• Title: Doctor
  • Program: Technology (and Evolution)
  • Institution: The University of Queensland

Scott is interested in how robots can develop languages where words are understood by robots through their interactions with each other and their environment. Scott completed his PhD on the Lingodroids project in 2015, a project that explores how robots can develop words to describe the places and times that they share. He is now working on Opie, a robot that is designed for exploring social interactions with children.

Recent Publications

  1. Spatiotemporal Aspects of Engagement during Dialogic Storytelling Child–Robot Interaction

    Bibliography

    Scott Heath, Gautier Durantin, Marie Boden, Kristyn Hensby, Jonathan Taufatofua, Ola Olsson, Paul Pounds, Jason Weigel, and Janet Wiles. 2017. "Spatiotemporal Aspects of Engagement during Dialogic Storytelling Child–Robot Interaction." Frontiers in Robotics and AI. doi: https://doi.org/10.3389/frobt.2017.00027.

  2. Social Moments: A Perspective on Interaction for Social Robotics

    Bibliography

    Gautier Durantin, Scott Heath, and Janet Wiles. 2017. "Social Moments: A Perspective on Interaction for Social Robotics." Frontiers in Robotics and AI. (4): 24. doi: doi: 10.3389/frobt.2017.00024.

  3. Lingodroids: Cross-Situational Learning for Episodic Elements

    Bibliography

    Scott Heath, David Ball, and Janet Wiles. 2016. "Lingodroids: Cross-Situational Learning for Episodic Elements." IEEE Transactions on Cognitive and Developmental Systems. 8 (1): 3-14. doi: 10.1109/TAMD.2015.2442619.

  4. Discovering patterns of touch: a case study for visualization-driven analysis in human-robot interaction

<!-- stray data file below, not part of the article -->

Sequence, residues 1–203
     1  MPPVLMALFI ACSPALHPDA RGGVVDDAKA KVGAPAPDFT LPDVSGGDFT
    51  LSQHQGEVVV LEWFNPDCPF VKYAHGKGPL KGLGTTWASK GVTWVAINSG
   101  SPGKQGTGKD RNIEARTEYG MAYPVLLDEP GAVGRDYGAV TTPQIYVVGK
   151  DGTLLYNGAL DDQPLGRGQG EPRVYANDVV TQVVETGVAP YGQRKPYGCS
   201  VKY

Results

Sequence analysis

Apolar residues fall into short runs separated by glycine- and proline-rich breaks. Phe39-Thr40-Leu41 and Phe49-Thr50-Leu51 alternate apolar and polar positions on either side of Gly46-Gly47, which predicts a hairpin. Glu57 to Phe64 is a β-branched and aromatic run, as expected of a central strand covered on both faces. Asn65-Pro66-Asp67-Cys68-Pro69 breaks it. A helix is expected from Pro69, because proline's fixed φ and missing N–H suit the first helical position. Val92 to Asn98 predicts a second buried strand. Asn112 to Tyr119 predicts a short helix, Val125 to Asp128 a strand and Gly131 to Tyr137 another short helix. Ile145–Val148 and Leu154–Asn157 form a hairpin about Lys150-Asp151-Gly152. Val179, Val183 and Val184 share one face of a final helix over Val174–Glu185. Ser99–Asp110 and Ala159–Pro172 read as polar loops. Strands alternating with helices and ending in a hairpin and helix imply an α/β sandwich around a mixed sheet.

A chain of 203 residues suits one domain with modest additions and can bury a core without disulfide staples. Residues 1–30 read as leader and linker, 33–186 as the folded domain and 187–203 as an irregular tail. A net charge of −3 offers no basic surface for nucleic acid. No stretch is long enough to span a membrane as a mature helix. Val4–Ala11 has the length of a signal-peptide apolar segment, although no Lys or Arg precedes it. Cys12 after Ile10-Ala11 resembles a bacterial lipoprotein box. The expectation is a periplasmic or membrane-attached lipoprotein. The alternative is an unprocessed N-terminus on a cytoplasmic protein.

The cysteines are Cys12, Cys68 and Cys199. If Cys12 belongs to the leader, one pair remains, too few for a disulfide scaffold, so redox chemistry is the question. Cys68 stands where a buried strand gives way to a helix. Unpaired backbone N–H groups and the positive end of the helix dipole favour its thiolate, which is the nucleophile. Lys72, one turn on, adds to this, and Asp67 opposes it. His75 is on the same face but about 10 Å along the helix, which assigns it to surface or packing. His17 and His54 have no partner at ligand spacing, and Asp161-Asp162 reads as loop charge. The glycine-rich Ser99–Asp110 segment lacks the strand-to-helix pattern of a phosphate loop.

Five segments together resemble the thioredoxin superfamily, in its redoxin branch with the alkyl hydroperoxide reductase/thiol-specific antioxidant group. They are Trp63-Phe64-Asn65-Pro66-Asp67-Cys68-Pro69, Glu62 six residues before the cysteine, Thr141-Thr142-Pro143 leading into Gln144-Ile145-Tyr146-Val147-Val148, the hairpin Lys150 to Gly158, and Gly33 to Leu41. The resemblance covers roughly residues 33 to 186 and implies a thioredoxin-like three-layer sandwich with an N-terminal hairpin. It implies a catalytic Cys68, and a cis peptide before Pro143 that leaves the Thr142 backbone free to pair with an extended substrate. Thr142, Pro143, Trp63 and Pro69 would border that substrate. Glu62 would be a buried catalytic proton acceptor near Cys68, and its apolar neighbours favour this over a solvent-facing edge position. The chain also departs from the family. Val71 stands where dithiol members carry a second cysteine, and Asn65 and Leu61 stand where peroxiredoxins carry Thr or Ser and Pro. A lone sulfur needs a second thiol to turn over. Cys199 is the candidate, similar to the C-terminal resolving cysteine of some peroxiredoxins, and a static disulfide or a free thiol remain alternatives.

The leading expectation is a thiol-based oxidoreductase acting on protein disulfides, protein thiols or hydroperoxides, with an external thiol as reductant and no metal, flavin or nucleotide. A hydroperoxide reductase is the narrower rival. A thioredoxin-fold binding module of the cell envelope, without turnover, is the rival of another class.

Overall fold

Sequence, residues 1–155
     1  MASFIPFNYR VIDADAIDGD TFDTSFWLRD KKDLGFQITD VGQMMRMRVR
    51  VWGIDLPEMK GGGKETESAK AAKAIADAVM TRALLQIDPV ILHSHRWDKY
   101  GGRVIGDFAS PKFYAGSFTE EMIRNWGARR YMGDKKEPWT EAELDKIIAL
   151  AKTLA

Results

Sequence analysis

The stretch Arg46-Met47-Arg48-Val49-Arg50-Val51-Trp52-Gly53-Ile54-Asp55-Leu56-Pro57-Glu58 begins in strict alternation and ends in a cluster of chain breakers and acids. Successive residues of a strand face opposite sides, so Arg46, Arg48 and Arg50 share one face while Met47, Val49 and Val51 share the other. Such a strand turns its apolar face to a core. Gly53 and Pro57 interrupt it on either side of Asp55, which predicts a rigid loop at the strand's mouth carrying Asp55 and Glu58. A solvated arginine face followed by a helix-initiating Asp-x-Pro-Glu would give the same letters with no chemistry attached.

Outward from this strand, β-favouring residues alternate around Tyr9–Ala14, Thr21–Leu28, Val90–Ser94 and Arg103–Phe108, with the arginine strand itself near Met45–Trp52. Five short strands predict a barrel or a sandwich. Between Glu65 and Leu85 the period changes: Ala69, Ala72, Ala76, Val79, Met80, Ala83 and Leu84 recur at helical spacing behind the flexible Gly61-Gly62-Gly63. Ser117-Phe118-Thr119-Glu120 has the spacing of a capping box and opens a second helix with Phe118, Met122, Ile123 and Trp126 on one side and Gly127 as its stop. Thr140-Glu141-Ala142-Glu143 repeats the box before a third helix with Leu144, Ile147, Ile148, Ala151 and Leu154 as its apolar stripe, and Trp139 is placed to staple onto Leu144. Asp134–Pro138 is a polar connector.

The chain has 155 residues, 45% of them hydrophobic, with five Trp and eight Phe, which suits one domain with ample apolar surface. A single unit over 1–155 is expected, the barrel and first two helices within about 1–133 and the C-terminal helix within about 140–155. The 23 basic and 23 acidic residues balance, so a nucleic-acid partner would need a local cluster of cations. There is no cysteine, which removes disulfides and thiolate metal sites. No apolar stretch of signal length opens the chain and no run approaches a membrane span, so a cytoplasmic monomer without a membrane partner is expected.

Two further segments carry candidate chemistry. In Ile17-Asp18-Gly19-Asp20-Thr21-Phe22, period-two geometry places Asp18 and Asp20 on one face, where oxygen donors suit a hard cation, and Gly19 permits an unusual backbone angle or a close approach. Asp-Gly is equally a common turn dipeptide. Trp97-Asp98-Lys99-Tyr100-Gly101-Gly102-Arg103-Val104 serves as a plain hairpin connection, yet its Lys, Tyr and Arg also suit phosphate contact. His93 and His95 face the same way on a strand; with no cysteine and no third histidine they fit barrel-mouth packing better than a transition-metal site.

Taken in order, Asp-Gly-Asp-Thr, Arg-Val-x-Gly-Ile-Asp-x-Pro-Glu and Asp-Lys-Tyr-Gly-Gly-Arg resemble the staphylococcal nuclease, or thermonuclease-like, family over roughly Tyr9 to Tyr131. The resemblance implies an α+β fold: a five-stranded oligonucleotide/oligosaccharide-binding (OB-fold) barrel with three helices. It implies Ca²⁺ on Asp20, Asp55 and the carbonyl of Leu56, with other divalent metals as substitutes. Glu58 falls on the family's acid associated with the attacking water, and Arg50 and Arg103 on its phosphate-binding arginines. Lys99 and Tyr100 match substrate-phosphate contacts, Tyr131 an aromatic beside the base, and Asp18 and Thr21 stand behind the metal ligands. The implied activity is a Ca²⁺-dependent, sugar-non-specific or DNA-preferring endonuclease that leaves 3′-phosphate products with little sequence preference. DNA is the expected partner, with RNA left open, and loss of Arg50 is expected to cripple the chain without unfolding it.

Bibliography

    Kris Rogers, Janet Wiles, Scott Heath, Kristyn Hensby, and Jonathan Taufatofua. 2016. "Discovering patterns of touch: a case study for visualization-driven analysis in human-robot interaction". 499-500. Christchurch, NZ.

  5. Social cardboard: Pretotyping a social ethnodroid in the wild.

    Bibliography

    Janet Wiles, Peter Worthy, Kristyn Hensby, Marie Boden, Scott Heath, Paul Pounds, Nikodem Rybak, Michael Smith, Jonathan Taufatofua, and Jason Weigel. 2016. "Social cardboard: Pretotyping a social ethnodroid in the wild.". In Human-Robot Interaction (HRI), 531-532. Christchurch, NZ.

Anton Killin Doctor

Anton Killin

ANU CoEDL Postdoc Anton Killin will be on secondment from the Centre from mid-August 2017 to mid-May 2018 to take up a position as a Visiting Postdoctoral Associate with the Florida International University in Miami. While at FIU Anton will be contributing to a research program on philosophy, archaeology and palaeoanthropology, including furthering his CoEDL research on music and language origins.

Anton completed his PhD in Philosophy at Victoria University of Wellington on music and philosophical naturalism, combining research topics in philosophy of music and evolution of music. His postdoctoral research at CoeDL focuses on the intersection of music and language, in particular the connections between evolution of music and evolution of language. In addition to these topics, Anton’s research interests include philosophy of biology and philosophy of the arts more broadly.

Recent Publications

  1. Fictionalism about musical works

    Bibliography

    Anton Killin. 2017. "Fictionalism about musical works." Canadian Journal of Philosophy. 1-26. doi: 10.1080/00455091.2017.1357993.

  2. Plio-Pleistocene foundations of hominin musicality: coevolution of cognition, sociality, and music

    Bibliography